But the lawsuit was decided in the favor of Akkad, and Dimension Films, the genre label of Miramax, bested New Line in a bidding war over the rights to distribute Halloween 6. Once Myers settled into his new home at Dimension, development on the sixth film hit warp speed. In April of 1994, screenwriter Phil Rosenberg turned in a draft of the script that Akkad was reportedly so displeased with that he threw it across the room after reading it. Miramax was about to release Pulp Fiction, so they asked Quentin Tarantino and his producer Lawrence Bender who they thought should direct the film. They recommended their friend Scott Spiegel, who had co-written Evil Dead II and directed the 1989 slasher Intruder, which Bender had produced. There was some talk of Spiegel rewriting the Halloween 6 script and possibly directing the film with Tarantino on board as producer, but he only got as far as writing a loose treatment before the project slipped away from him. Just one month after Rosenberg finished his draft, the writing duo of Irving Belateche and Lawrence Guterman had already turned in a rewrite. What’s interesting about the versions of the story writers were crafting at this point is how much they disregarded the Man in Black and Jamie Lloyd. Questions raised by Halloween 5 were not being answered. Instead, the scripts were introducing a new heroine named Dana, and featured Tommy Doyle – a character from the original Halloween – as a loner and virtual reality enthusiast who discovers that the way to defeat Michael Myers is to find a portal that can only be opened on Halloween night and have him get dragged into the underworld. Not too far off from what happened at the end of Jason Goes to Hell.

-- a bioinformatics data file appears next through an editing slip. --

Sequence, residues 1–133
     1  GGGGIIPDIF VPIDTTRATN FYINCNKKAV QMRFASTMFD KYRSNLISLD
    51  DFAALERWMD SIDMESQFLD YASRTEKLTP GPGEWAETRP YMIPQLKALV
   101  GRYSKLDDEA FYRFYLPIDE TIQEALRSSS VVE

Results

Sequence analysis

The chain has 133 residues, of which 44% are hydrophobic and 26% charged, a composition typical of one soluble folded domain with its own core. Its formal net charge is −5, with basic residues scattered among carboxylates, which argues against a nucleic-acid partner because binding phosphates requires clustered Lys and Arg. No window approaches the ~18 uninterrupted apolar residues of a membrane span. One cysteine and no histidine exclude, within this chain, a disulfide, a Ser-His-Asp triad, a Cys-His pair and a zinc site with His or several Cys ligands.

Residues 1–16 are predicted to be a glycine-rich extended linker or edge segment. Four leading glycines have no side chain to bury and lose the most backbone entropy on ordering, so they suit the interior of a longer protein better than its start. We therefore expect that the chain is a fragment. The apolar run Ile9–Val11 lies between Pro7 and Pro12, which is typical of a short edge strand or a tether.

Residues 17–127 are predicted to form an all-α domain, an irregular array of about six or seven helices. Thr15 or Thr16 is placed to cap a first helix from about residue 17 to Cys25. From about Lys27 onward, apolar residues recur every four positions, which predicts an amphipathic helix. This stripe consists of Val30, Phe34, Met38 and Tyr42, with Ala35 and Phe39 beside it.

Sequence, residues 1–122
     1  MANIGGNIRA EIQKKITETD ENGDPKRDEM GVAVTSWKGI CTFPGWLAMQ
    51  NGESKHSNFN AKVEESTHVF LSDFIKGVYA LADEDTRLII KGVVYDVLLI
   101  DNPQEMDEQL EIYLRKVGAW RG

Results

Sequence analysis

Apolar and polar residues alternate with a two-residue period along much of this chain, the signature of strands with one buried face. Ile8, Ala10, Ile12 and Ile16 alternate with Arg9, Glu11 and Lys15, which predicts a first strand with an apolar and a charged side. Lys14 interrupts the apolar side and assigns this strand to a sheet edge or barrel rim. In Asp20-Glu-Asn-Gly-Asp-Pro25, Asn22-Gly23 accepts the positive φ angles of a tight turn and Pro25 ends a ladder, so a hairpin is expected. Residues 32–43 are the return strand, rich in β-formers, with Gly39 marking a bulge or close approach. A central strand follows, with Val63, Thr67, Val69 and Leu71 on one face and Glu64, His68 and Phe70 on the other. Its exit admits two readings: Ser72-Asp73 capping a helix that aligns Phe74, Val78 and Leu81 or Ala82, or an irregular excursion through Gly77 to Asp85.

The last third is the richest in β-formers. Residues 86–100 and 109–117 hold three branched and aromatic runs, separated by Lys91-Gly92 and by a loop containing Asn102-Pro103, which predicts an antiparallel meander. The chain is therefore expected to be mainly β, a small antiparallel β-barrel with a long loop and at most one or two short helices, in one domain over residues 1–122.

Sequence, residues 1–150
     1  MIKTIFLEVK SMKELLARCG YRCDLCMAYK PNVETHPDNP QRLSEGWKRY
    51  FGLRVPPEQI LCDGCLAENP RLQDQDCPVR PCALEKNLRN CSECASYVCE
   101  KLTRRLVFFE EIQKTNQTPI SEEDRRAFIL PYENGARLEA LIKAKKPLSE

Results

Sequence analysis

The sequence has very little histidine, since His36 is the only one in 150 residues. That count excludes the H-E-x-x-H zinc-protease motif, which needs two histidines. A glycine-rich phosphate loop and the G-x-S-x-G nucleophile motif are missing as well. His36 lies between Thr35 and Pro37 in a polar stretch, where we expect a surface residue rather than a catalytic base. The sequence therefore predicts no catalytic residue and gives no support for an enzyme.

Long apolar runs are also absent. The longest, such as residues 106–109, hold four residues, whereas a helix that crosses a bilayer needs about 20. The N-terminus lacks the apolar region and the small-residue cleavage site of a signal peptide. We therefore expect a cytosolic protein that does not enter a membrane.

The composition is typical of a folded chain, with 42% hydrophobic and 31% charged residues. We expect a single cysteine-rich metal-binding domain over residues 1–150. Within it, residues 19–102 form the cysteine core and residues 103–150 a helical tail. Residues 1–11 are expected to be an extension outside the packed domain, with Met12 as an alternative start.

So in June of 1994, Akkad contacted Daniel Farrands, a Halloween super fan he had met four years earlier, and Farrands was given the job he had been dreaming of taking on ever since he saw Halloween 5: he was hired to write the sequel. It’s a good thing Farrands already had ideas for where he wanted to take Halloween 6, because by the time he was hired the scheduled start of production was only four months away – Dimension and Akkad wanted to have cameras rolling on this thing by the end of October 1994. Farrands kept a couple elements from the rejected drafts; the idea that Halloween has been banned in Haddonfield since the events of the fifth movie, the presence of a loner Tommy Doyle who has figured out the supernatural secrets of Michael Myers. He ditched the virtual reality aspect, though, and Dana was also gone. Instead, Farrands set out to solve the mysteries of Halloween 5. To do so, he drew some inspiration from the Curtis Richards novelization of the first Halloween, which started with a prologue that went back to the holiday’s Druid roots and presented the idea that the Myers bloodline is cursed. Another inspiration was the scene in Halloween II where we see that Myers had uncharacteristically written the word “Samhain” on a wall in blood.

Farrands’ story finds that a Druid cult has been built up around Michael Myers, who hears voices telling him to kill his family because he’s afflicted with an ancient curse. The symbol tattooed on his wrist is the Thorn rune, and his Halloween killing sprees coincide with nights in which a constellation in the shape of the rune is visible in the sky. The leader of the cult, the Man in Black, is Doctor Wynn of Smith’s Grove Sanitarium, a character who was seen in the first Halloween, arguing with Myers’ doctor Sam Loomis about the lax response to Myers’ escape and whether or not Myers knows how to drive a car. As it turns out, the cult captured Jamie Lloyd on Halloween night in 1989 and has kept her captive in the bowels of Smith’s Grove for six years. During that time, they even had Myers impregnate his teenage niece. Farrands has said that he didn’t really intend for the silent slasher to be the baby daddy, but by the time the movie was filming someone else had done revisions to the script that made it pretty clear that he was. In the initial cut of the movie, anyway.